Rich fool: context

rich_fool13 Someone in the crowd said to him, “Teacher, tell my brother to share the inheritance with me.” 14 He replied to him, “Friend, who appointed me as your judge and arbitrator?” 15 Then he said to the crowd, “Take care to guard against all greed, for though one may be rich, one’s life does not consist of possessions.” 16 Then he told them a parable. “There was a rich man whose land produced a bountiful harvest.  17 He asked himself, ‘What shall I do, for I do not have space to store my harvest?’ 18 And he said, ‘This is what I shall do: I shall tear down my barns and build larger ones. There I shall store all my grain and other goods 19 and I shall say to myself, “Now as for you, you have so many good things stored up for many years, rest, eat, drink, be merry!” 20 But God said to him, ‘You fool, this night your life will be demanded of you; and the things you have prepared, to whom will they belong?’ 21 Thus will it be for the one who stores up treasure for himself but is not rich in what matters to God.”

In the Gospel prior to Luke 12:13, Jesus has been instructing the disciples on the need for faithfulness in situations of persecution – then suddenly the scene is seemingly interrupted by an individual focused on getting Jesus to help him regarding an inheritance issue. Rabbis were often asked to arbitrate in family disputes. The New Testament does not shed much light on the subject. Jews in the time of Jesus probably followed practices that came from the law of Moses. For example, according to Deuteronomy 21:17, the firstborn son was to inherit twice as much as any other heir. Outside of this, the majority of scripture and rabbinic writings address the issue where a man dies without sons. Clearly not the case here as there are at least two sons.

But what about after our text? This text, as well as the Gospels for the two following Sundays, comes in a section of Luke (12:1-13:9) where exhortations and warnings are given by Jesus in preparation for the coming judgment. Culpepper (Luke, New Interpreter’s Bible, 255) writes of the transition from vv. 1-12 to vv. 13-21 with:

Continuing the theme of this larger section, the next verses shift from confession of Jesus to forsaking the security of material possessions. Those who confess Jesus look to God for their security, not to their own ability to accumulate possessions and lay up wealth for the future.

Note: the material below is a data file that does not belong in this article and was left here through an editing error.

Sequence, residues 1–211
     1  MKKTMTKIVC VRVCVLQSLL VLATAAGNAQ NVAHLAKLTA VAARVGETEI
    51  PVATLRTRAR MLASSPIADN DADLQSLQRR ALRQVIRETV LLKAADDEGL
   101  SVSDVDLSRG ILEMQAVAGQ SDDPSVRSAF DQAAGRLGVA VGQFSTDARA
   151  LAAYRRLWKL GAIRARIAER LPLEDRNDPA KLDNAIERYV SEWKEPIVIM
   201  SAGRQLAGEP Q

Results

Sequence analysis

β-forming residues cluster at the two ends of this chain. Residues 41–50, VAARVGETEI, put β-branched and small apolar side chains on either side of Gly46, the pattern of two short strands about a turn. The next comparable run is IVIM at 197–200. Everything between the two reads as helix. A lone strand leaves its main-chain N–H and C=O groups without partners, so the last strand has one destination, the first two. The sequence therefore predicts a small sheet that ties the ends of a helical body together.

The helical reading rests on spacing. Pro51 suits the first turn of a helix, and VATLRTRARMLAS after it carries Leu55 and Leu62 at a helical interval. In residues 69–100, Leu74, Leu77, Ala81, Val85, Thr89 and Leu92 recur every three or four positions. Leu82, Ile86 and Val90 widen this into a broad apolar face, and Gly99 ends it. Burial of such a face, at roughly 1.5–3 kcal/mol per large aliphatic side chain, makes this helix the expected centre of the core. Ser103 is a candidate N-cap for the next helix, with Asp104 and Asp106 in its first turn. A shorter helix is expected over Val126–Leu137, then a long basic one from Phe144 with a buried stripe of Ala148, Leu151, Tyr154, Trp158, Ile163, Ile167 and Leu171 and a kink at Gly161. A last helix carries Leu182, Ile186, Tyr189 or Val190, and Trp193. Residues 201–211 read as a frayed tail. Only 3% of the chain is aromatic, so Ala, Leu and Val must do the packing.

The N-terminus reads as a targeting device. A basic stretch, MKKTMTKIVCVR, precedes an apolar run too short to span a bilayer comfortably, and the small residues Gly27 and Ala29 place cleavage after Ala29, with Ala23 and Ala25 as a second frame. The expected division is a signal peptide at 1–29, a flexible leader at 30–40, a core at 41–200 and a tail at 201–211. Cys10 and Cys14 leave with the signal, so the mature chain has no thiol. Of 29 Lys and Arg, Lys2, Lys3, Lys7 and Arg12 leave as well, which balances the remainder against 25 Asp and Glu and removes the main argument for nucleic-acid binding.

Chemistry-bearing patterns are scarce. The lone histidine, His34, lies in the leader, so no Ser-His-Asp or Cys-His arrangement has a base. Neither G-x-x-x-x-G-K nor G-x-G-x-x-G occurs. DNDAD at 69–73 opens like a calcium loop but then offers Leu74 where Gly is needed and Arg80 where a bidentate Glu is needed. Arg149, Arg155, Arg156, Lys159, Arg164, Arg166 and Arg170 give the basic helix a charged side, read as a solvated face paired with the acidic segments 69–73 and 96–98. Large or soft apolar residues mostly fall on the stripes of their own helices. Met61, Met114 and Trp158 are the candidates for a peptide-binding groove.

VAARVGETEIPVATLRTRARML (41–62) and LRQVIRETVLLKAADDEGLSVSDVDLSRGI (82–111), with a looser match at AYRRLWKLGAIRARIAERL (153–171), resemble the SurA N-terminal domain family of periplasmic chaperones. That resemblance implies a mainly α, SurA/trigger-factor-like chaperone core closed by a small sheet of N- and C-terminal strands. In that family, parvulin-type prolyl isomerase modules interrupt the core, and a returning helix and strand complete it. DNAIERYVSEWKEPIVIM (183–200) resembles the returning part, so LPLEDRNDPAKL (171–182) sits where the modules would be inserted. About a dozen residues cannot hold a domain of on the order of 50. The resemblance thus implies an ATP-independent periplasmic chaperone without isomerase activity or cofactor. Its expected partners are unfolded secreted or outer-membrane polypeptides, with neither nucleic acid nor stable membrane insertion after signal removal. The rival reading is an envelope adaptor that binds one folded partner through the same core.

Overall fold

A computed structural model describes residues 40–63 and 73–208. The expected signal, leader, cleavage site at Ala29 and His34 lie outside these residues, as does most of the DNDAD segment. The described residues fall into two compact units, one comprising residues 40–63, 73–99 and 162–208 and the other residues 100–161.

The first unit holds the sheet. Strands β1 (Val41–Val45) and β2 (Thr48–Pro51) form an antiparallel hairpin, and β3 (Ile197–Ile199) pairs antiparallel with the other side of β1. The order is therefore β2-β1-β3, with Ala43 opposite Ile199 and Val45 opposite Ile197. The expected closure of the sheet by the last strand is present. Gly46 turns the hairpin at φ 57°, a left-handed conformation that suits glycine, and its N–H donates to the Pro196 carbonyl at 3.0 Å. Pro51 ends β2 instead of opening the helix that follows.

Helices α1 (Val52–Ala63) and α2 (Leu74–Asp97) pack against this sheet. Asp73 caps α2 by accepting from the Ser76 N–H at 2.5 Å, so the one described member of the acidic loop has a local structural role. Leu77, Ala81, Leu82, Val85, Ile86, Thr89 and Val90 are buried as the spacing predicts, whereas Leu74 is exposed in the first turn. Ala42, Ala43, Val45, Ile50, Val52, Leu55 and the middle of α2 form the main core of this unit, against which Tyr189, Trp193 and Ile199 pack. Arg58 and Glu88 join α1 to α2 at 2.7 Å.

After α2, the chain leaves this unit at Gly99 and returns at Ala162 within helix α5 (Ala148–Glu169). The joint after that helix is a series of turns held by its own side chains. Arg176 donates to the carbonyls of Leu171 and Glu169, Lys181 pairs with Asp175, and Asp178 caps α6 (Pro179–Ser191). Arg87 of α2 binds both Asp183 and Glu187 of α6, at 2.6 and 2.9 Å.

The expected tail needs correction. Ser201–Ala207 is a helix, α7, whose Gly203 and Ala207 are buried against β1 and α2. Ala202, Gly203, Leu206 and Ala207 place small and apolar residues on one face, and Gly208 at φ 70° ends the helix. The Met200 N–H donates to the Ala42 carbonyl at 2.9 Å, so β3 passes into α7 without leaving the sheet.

Our text is connected with the verses that follows by the sense of possessions (desiring more than what is needed) and by the word psyche (v. 19 twice, v. 20, v. 22, v. 23). This word is translated “soul” or “life” in these verses. Psyche is that mysterious thing that makes me “me” or you “you.” It is everything that makes a pile of organic materials come to life as an individual – life force, soul, spirit, breath, personality, etc. In modern parlance we use the word “self”.

Related to this, our text is an illustration of what Jesus had said at the beginning of this entire section: “There is nothing concealed that will not be revealed, nor secret that will not be known.  Therefore, whatever you have said in the darkness will be heard in the light, and what you have whispered behind closed doors will be proclaimed on the housetops.” (12:2-3). Most of our parable is “hearing” the inner thoughts of the rich man – what is in his psyche – what is his true “self”.

As for the question of inheritance, Jesus is recognized as having the authority to do this, but he sees behind the question the very greed he warned the Pharisees about (11:39–42). He uses the opportunity to tell a parable about the trap of possessions.

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